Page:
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Maintained vs Non-Maintained Emergency Lighting

Emergency lighting is essential for any commercial building in the UK. It provides sufficient illumination if the primary lighting circuits fail to allow everyone to evacuate the building safely.


Various UK legislation applies to emergency lighting, with the Regulatory Reform (Fire Safety) Order 2005 being one of the cornerstones. With practically no exceptions, emergency lighting is a must-have, but there are different types available.


In today’s guide, we’ll discuss the difference between maintained and non-maintained emergency lighting.

What is the difference between maintained and non-maintained emergency lights?

Maintained and non-maintained emergency lighting accomplish the same goal of providing sufficient emergency lighting throughout your commercial premises. However, they take different approaches.


Maintained emergency lighting operates continuously. It functions as part of your conventional lighting setup, providing constant illumination. It’s a dual-purpose solution because it is both standard and emergency lighting. An example of a maintained emergency lighting system could be an illuminated exit sign.


On the other hand, non-maintained emergency lights are dormant. They remain switched off until the primary lighting system goes down. Although other differences exist, this is the primary differentiator between the two lighting systems.

Power usage of maintained and non-maintained emergency lighting

Naturally, there’s also a difference between how much power these two emergency lighting systems require.


Maintained emergency lighting’s dual functionality means these systems are typically installed in high-traffic areas. They consume more energy because they’re never switched off.


In contrast, non-maintained lighting offers the benefit of more efficient energy consumption because they remain inactive most of the time. You’ll only see non-maintained lighting working if there’s a power cut or other emergency situation.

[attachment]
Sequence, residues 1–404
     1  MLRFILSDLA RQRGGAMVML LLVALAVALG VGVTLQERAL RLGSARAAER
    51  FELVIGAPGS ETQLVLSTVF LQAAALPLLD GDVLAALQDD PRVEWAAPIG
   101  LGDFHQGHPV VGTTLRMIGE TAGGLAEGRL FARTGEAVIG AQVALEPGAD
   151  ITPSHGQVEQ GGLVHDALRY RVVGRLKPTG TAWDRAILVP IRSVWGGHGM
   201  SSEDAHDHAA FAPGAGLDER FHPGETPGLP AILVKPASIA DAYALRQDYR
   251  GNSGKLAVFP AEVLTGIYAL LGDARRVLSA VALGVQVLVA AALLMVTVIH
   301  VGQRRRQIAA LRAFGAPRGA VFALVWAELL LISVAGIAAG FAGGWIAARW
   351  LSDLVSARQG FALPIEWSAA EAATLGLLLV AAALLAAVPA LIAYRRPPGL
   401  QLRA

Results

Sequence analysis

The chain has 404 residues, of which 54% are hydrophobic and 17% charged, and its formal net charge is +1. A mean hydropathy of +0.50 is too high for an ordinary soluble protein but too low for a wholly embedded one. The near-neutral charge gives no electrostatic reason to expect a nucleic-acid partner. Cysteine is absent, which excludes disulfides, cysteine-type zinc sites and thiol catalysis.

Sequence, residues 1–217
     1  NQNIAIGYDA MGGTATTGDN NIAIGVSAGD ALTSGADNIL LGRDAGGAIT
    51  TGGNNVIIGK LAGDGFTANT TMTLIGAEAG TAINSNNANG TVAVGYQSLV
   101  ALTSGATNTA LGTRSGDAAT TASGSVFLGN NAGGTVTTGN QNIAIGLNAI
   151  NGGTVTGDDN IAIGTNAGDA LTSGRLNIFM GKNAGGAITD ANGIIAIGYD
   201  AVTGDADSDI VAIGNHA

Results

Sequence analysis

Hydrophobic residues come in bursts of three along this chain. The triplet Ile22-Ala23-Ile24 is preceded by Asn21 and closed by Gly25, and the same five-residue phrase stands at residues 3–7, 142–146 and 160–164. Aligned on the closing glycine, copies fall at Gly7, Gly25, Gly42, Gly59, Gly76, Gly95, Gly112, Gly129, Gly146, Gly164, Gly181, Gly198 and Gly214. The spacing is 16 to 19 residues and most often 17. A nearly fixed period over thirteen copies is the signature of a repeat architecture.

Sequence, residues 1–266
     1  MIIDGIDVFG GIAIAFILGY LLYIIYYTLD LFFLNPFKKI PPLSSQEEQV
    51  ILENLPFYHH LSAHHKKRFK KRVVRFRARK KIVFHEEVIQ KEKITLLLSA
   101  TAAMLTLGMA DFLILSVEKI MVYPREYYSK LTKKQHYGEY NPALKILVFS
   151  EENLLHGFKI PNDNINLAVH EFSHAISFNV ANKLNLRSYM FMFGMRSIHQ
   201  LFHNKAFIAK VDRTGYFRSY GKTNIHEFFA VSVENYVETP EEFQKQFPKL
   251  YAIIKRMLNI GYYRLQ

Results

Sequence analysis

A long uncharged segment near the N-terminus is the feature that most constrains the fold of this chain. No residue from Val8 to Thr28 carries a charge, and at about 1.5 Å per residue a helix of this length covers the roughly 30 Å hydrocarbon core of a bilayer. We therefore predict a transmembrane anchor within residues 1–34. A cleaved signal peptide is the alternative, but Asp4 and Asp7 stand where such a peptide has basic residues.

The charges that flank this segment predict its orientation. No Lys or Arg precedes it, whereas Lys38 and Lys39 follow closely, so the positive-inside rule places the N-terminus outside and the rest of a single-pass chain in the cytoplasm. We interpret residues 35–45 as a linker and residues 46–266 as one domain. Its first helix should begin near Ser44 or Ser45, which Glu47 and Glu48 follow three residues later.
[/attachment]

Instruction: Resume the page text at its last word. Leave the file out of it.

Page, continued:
Businesses worried about increased energy costs may favour non-maintained emergency lighting. However, they are best suited to areas of low occupancy or places where specialised, non-standard activities are carried out.

Can you save power by switching to non-maintained emergency lighting?

Energy usage is becoming a massive consideration for UK’s businesses. According to a PricewaterhouseCoopers (PwC) survey, 81% of businesses are expected to raise prices in the next two years due to energy costs.

Considering the differences between maintained vs. non-maintained emergency lighting, can you switch to the latter to reduce energy costs?


Yes, but even non-maintained lights consume energy. They require a constant trickle charge to keep their backup batteries charged. But your choice of emergency lighting can’t be made on financial grounds at all. Ultimately, these systems are about keeping people safe.


The rule of thumb is that non-maintained lighting is acceptable when the occupants of a building are familiar with their surroundings. For example, offices would likely fall into this category. However, public areas, such as shopping centres, usually have maintained emergency lighting as standard.

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Advantages and disadvantages of maintained emergency lighting

Maintained emergency lighting is always on, making it useful where lighting levels need to be high. Plus, the dual-purpose nature of these lighting systems makes them a popular choice for various locations, including cinemas and public buildings.

Let’s discuss the pros and cons of maintained emergency lighting:

Pros of maintained emergency lighting


  • Continuous Illumination – These lights provide constant illumination, enabling them to function as regular and emergency lighting. This simplifies your lighting infrastructure because you don’t need separate fixtures.
  • Compliance – According to BS 5266-1, some settings require maintained emergency lighting. This is because maintained lighting provides immediate visibility in emergencies, preventing panic.